Language and Culture Course for Interns

Diving into a new environment


"So, it's recommended to go to the sauna while wet?!"

"I didn't know that even children can go to sauna!"

"Oh, the city center is actually a bit further down here. I thought this road passing by was already the downtown!"

"So, a Finnish milk carton opens like this! No wonder I had a little trouble!"

Here are some observations and insights from the language and culture course held in August for incoming interns in Turku, as part of their four-week internship. The course was divided into five sessions, each with its own theme.

Eating Finnish cuisine Photo: Eating Finnish cuisine in a shared apartment

Three of the meetings were held by visiting different interns' accommodations. This way, participants got to see various types of apartments in Finland and compare them: a sauna can be inside the apartment or in the building's common area. Mailboxes are always by the door, not downstairs by the main entrance as back home. The windows have small side windows for ventilation purposes, and there isn't an intercom at the main door for guests who arrive without a key.

Finnish sauna in the appartment Photo: Finnish sauna in an apartment

We familiarized ourselves with the city of Turku by walking through its streets and marveling at the sights together. Someone picked up a restaurant recommendation during the tour, while another person was interested in finding out when the vendors are at the market square. It was interesting to get acquainted with the specialties of the grocery store by looking around on-site.

Finnish naturePhoto: Walking in Finnish nature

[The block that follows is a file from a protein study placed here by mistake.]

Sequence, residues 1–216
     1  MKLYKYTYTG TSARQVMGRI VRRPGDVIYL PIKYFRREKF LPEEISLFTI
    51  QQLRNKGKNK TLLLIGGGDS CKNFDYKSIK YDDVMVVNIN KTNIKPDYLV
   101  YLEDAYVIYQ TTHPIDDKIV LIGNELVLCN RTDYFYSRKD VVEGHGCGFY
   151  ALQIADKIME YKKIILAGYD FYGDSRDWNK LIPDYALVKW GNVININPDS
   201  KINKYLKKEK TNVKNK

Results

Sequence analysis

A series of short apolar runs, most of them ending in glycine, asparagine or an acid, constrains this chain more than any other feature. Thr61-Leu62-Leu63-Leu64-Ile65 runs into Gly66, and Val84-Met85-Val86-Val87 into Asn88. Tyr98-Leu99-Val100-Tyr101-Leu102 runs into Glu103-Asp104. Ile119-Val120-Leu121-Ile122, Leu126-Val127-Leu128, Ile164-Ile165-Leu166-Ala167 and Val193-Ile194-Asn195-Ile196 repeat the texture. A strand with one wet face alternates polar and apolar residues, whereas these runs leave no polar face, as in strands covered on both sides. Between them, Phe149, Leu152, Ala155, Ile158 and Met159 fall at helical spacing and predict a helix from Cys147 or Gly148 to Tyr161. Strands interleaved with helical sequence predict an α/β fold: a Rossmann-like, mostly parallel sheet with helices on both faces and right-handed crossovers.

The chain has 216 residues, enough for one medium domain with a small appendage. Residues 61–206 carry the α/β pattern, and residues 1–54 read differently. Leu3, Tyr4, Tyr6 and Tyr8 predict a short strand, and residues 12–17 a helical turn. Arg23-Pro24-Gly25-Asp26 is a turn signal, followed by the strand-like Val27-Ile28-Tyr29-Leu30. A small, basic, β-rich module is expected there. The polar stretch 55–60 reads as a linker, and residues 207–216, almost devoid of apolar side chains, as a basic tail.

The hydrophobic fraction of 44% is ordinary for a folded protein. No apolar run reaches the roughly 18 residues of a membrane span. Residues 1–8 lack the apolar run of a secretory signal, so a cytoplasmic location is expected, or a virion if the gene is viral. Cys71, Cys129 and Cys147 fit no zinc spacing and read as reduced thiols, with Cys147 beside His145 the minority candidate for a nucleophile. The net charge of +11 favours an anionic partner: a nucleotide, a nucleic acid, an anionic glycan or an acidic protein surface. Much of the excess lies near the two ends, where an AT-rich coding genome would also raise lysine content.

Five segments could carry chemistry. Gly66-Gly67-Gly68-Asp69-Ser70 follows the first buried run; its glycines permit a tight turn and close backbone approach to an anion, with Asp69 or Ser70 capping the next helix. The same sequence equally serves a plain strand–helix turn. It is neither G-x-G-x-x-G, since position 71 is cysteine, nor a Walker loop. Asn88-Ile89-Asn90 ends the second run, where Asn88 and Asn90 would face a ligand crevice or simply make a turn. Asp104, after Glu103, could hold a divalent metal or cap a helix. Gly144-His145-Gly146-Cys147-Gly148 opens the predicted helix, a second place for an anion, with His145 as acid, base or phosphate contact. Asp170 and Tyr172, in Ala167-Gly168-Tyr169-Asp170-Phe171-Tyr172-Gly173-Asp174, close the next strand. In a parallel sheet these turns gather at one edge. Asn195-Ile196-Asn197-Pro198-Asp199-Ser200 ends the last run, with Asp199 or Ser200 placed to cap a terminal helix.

Nature, sauna, and swimming must be experienced firsthand. Which trees grow in Finland, what nature means to Finns, how forest logging differs between Finland and Germany—these are all things to explore. How does it feel to swim in cold water? How about after a hot sauna session? Can you not have conversations in the sauna? Through shared experiences, one gains a more tangible understanding of these matters and begins to comprehend them more deeply. Undoubtedly, the sauna was everyone's favorite!

Public sauna and swimmingPhoto: After sauna and swimming

Baking Karelian pasties by hand introduced the participants to Finnish cuisine. Together, we set the table with liver casserole, egg butter, squeaky cheese, and rye bread. The exchange students took home a new recipe for blueberry quark, many also dared to taste the notorious salty licorice. Shared joy and collective effort brought a feeling to the evening that was truly special!

egg butterPhoto: Pasties and egg butter

During a four-week or longer exchange period, one has the opportunity to experience many things. New encounters happen everywhere: at home, at work, in traffic, at the store. If one can discuss their observations with others and if there's a chance to ask questions and wonder together, the experiences gain a new depth. The course allows for articulating new experiences, provides an opportunity to belong to a peer group outside of work, and offers additional information about essential aspects of the host country. So this is what Finland is like, I see!